“It’s the same technique used in animation. This whole process is the exact same process used in ‘Monsters Inc.’ or ‘Shrek.’ This is what I’ve been doing for TV and Film for the past few years. We’re taking the studio mentality and we’re putting it towards a comic book. There’ve been other comic books that have used CGI, but they haven’t done it to the level we’re doing it at. This is like a film.”
To recap, here’s what each person on the team does and their location:
- Antero Pedras – Portugal
Duties: Environmental Models both Interior and Exterior. Antero created the city.
- Marcello Bortolino – London
Duties: Character Models
- Adrian Hartrey – Ireland
Duties: Environments both Interior and Landscapes and Foliage
- Scott Hyman – Los Angeles
Duties: Rigging and Morph Targets
- Tracy Mark Lee – Los Angeles
Duties – Character Designs
So, now we know what the entire team does, but you ask yourself, what does Scott Sava do? Rest assured he’s not sitting at home playing video-games. He’s got his hands full.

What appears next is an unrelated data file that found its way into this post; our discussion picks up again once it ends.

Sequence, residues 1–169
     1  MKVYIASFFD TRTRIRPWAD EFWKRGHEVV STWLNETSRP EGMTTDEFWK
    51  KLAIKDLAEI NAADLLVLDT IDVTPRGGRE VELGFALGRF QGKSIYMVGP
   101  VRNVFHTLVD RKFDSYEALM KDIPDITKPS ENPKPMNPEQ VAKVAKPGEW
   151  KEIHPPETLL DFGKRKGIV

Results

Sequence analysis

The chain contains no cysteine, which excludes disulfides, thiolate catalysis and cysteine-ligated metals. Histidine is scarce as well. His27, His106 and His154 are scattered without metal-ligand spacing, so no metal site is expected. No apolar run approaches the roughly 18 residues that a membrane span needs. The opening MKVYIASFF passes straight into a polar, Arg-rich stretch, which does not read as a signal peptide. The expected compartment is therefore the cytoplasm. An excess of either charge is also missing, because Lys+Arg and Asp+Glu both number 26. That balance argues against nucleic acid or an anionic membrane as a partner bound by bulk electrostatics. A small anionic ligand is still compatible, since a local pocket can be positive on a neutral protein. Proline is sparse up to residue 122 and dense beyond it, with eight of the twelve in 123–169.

“Once I get the characters I bring them into the scene. I’m the Director. I’m on location in the city. I bring my actors. I’ve got Doctor Octopus and Spider-Man. I’ve already done the layouts. I’ve already established what I want to do with the cameras. I bring them in and I pose them and I light them and I make sure that everything in that particular shot is as perfect as I can get that and as dynamic as possible.
“Another reason why I’m stylizing it is I’m trying to give it a comic book feel, not the sense of here’s a mannequin standing in a room. It’s got to have life. We’ve done a bunch of techniques we’re calling the ‘Kirby Effect’ where we actually scale up the hands and feet to give it a feeling of fore-shortening. I’ve created a system of lighting to really give the characters volume. That’ll take me 18 hours a day anyhow! I’m worried about pacing. I’m worried about timing. I’m worried about when I go from panel-to-panel do I hold the same shot for a couple of extra beats, maybe with no words, just to get the point across. I’m treating it like a movie. It’s my baby!”